Around 10 days ago, President Iohannis enacted a law that should have been one of the few “well done things” which we are threatened with since more than two years, and which should directly support and be in the exclusive benefit of the Romanian people and national economy – 51 percent of Romanian products on the shelves of all the hypermarkets in the country.
At first glance, everything seems to be wonderful and advantageous, making you say “well, finally!, there’s somebody who’s thinking at the real ‘national interest’, not only at the national interests that are strictly political or in the benefit of the big personal business octopus of one or another in Romania or abroad”.
But, as it happens in more than 99 percent of the situations of this kind, the law on promoting and selling food products of internal origin hides inside it a real Trojan little horse. Not say goat, which necessarily has to be sacrificed, obviously to their detriment.
Accidentally or not, I know from very trustful and direct sources he way in which this law came to life, first as a legislative initiative, as well as its steps to the moment of enacting it by the chief of state.
Before saying a few words about its true political “paternity”, which is far from the one officially stated and known by the most of Romanians, I would like to mention that this law, as any other law which is initiated, designed and delivered to the Romanian people in the last 27 years, is completely hit and decentered by all kinds of lacunar details, which would have been essential for the law to be a real national benefit and a success of any political part of the moment.
First of all, this law wanted to be a profoundly protectionist one.
In the most fluent and autochthonous terms, the law aimed to promote the Romanian internal food production and to give a chance to the Romanian producers to have an equal competition, or at least a competition closed to this equality, on the internal market, compared to the external import of goods and products of the same kind.
This was an excellent idea, but it wasn’t ended or designed on practical grounds, adapted to the real nature and regulations of the common market in which it happens for us to be.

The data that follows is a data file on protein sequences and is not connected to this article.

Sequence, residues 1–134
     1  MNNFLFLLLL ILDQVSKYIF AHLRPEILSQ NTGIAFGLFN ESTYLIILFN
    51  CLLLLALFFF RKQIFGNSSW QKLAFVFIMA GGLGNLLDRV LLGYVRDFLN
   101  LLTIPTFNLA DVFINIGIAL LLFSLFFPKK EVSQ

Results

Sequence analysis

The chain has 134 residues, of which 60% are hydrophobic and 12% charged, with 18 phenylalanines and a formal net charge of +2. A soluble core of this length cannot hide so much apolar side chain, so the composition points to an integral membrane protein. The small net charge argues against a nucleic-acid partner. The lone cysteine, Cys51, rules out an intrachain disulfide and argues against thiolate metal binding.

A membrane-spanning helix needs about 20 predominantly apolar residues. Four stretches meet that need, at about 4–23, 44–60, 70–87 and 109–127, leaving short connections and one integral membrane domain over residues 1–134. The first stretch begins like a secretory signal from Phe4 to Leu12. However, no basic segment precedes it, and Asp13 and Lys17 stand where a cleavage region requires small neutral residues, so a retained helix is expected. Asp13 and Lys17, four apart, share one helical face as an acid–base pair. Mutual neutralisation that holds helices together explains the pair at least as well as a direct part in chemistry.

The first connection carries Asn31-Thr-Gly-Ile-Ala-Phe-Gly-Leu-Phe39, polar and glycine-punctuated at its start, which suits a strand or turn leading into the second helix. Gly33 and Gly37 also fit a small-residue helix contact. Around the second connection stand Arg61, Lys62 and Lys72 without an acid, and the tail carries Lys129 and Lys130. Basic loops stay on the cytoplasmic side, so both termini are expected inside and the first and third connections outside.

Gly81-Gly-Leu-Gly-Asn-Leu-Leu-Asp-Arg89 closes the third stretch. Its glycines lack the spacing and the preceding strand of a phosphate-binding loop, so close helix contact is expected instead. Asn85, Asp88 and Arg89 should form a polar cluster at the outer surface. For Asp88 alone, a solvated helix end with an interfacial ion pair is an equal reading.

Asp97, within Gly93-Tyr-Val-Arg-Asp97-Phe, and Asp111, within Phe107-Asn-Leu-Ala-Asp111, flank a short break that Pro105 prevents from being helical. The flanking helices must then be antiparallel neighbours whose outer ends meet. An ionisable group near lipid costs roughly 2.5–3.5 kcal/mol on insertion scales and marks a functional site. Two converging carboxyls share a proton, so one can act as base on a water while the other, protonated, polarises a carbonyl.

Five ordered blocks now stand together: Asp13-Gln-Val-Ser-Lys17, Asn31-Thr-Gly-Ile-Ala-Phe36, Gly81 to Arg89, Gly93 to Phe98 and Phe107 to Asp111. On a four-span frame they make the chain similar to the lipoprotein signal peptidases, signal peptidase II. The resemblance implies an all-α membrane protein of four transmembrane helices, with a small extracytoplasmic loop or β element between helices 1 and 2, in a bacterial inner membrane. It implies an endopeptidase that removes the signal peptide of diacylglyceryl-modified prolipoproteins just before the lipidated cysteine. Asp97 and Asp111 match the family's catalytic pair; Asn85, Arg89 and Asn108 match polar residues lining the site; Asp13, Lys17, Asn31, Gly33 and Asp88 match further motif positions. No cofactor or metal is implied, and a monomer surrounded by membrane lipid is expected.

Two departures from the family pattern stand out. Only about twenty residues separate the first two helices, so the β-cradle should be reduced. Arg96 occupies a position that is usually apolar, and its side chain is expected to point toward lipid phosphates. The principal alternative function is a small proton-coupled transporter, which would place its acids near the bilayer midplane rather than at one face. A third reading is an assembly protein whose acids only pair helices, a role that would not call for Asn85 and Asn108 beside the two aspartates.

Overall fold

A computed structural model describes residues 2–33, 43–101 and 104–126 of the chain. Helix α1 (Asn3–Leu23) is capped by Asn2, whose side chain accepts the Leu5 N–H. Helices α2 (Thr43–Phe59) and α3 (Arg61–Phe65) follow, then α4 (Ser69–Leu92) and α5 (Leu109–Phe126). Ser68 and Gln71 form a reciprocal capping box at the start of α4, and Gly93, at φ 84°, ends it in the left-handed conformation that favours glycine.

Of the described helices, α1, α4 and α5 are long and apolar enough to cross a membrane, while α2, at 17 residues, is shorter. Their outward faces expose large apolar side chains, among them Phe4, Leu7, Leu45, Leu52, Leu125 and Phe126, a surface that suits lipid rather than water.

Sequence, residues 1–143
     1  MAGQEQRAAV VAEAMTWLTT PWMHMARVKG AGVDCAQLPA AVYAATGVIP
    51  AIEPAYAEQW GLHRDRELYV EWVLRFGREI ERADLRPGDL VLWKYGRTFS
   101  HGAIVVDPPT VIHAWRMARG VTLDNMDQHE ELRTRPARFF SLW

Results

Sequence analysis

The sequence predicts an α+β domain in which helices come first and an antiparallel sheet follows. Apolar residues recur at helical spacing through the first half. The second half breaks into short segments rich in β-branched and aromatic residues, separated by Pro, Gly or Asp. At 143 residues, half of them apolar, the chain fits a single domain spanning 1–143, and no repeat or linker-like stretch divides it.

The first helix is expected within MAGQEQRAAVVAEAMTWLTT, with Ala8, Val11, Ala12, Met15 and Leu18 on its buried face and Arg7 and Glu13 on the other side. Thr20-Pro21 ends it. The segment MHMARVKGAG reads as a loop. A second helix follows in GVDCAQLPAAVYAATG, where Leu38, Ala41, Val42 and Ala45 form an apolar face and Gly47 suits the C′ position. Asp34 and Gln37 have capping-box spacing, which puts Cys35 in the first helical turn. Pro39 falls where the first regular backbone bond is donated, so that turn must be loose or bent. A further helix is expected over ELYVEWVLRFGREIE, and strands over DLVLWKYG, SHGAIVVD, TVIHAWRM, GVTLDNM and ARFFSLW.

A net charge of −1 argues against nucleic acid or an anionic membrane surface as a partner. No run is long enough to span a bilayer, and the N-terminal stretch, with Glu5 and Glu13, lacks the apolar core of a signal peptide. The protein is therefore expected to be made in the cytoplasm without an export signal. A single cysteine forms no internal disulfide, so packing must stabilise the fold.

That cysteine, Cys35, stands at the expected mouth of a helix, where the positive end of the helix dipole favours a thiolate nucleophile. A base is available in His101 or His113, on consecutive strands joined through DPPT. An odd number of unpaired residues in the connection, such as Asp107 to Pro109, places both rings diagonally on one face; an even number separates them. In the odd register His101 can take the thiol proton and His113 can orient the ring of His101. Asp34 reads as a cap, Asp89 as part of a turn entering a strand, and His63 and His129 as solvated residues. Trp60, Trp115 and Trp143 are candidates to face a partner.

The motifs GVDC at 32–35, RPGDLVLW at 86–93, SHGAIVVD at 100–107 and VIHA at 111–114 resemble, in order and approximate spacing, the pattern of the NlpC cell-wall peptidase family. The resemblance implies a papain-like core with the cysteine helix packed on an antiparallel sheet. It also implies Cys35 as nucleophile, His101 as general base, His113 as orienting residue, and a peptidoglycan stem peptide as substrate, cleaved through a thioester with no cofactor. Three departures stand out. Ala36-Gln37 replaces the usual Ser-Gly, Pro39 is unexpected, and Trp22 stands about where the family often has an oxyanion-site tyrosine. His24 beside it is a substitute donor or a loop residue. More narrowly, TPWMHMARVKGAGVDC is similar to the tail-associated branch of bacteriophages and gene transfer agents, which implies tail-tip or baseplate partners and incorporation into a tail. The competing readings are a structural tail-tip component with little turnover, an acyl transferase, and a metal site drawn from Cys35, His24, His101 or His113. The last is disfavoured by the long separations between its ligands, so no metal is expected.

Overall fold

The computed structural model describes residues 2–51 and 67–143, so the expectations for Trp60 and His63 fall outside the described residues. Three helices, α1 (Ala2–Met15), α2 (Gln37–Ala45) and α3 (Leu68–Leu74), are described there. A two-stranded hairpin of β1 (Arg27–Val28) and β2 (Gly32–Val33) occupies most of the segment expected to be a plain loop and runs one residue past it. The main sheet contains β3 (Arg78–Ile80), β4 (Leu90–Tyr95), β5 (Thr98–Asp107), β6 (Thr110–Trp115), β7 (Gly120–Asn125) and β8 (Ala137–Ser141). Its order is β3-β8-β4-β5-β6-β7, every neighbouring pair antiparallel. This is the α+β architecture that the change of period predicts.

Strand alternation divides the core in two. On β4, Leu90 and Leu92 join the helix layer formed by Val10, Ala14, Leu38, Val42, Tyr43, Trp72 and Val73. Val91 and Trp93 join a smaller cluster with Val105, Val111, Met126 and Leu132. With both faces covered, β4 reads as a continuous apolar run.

And this is because the status of the Romanian producer related to the internal market and the way he has to legally be oriented to the competitive area on this market should have been regulated before any other things, in order for the law to have the desired consequences.
We know very well that until today Romania doesn’t have a well-made up legislation, finalized and stamped in the matter of the local food and consumer goods producers’ possibility to associate themselves in cooperatives, guilds, or in any other kind of working groups to provide them with a legal basis for operation and protection.
The mentioned law speaks in very vague, almost inexistent terms about this extremely important matter.
In other European countries like Italy, France, Belgium etc., the working cooperatives made up on the idea of guild represent a powerful filed, extremely well defined from the national and economic traditions of those countries, bringing corresponding benefits both to their states and to the citizens.
One of the important stipulations of this law, which is also confusing, refers to the “short chain” of goods’ circulation from the producer to any of the entities representing the final point for the products sale on the market.
Here, everything becomes even more complicated and foggy, regardless of the shortness which the legislators wished for the chain or for the producers.
Allegedly, this “short chain” would create tax exemptions and commercial additions which otherwise would be unavoidable for the producers and also for the beneficiary, namely for the consumer.